This has been a brief summary of the chapter and probably his worst chapter as he makes broad sweeping assumptions.  He does ask some difficult questions but it still is not our job to speak for those whom God will judge.  Our task is to bring the kingdom of God across the world to right wrongs, disciple people and to pass on the legacy to our children’s children.  I do not want to say that the entire chapter was horrible as Bell does make some valid points about people suffering right here and right now while we sit in air-conditioned rooms, with our thousand dollar computers and a our cool looking shirt and tie.  That does step on some toes a little.  However, the chapter should be revised and polished.[14]

[1] Rob Bell, Love Wins, 64.

[2] Barry Throneberry, “Rob Bell–‘Why Is This Controversial?’–Part 2,” Theology with Throneberry, Accessed May 11, 2011.

[3] One thing that frustrates me about Bell’s writing is that he does not footnote much as to where he gets his material or even scholarly conclusions.  He often starts, “A Rabbi once said…” but does not tell which Rabbi or where he heard the story from.  Another thing that frustrates me is that when he gives a reference of Scripture he will only give the book and the chapter.  Quote the verse man!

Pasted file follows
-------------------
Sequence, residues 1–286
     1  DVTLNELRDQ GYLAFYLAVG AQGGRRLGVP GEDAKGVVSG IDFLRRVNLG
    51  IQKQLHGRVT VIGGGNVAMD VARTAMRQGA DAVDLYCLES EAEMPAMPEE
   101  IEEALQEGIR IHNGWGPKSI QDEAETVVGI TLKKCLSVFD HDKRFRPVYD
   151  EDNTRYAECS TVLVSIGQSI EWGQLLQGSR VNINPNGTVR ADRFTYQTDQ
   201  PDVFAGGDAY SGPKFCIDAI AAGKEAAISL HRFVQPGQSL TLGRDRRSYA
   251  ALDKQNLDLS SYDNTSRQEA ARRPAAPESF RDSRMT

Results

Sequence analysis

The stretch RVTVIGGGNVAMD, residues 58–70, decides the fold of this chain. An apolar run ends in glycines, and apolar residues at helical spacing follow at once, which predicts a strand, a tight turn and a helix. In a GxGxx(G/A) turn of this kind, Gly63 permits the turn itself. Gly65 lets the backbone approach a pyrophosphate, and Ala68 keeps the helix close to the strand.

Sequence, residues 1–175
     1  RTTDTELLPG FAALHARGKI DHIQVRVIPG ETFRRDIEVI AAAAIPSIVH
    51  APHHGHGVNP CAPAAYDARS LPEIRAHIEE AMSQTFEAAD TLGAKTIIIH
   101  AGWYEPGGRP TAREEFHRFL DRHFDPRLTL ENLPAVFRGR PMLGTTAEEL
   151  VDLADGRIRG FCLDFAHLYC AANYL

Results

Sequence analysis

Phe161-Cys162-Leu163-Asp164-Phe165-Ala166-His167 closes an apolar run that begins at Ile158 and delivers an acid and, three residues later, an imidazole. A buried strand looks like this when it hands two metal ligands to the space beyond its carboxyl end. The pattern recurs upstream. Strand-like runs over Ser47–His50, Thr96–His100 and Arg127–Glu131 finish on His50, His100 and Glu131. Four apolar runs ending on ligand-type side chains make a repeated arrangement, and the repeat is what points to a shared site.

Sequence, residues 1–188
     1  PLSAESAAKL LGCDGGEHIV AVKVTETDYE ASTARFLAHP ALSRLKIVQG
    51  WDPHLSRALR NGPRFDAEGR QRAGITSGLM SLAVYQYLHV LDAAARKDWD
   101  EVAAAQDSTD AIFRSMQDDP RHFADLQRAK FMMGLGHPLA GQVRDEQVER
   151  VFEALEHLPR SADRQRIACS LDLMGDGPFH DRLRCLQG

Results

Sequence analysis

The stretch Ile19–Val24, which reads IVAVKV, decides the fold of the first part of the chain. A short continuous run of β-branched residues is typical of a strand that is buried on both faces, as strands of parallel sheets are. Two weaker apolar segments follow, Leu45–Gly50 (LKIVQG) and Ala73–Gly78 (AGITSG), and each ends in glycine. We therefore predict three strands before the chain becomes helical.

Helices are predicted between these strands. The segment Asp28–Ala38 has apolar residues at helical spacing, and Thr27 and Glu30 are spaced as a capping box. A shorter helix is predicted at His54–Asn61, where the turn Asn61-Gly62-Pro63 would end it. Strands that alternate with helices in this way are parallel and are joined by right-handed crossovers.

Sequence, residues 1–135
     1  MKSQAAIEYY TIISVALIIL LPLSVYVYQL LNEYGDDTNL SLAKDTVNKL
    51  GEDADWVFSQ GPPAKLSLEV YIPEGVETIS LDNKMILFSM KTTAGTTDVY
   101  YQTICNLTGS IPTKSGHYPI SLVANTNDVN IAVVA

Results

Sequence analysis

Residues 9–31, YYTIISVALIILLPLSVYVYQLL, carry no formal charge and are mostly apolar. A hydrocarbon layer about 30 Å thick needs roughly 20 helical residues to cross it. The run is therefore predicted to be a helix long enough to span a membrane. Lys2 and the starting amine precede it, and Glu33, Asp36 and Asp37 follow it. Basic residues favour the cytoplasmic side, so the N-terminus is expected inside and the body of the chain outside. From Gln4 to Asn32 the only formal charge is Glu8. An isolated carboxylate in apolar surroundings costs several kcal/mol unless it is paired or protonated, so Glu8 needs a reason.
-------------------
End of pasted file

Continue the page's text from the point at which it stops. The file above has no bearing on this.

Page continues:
[4] Bell, 65.

[5] Ibid., 67.

[6] Ibid., 68.

[7] Ibid., 69.

[8] Ibid., 79.

[9] Ibid., 85.

[10] G. R. Beasley-Murray, Jesus and the Kingdom of God (Grand Rapids: Eerdmans, 1986): 376, note 92.  See for other examples of scholars who dismiss the town rubbish theory.

[11] See R. Laird Harris, “she’ol” in Theological Wordbook of the Old Testament, eds R. Laird Harris, Gleason L. Archer, Jr. and Bruce K. Waltke.  (Chicago: Moody Press, 1980): 2303-04.  The word she’ol actual comes from the root word shā’ah meaning to crash into ruins and to gaze (in the Hithpael).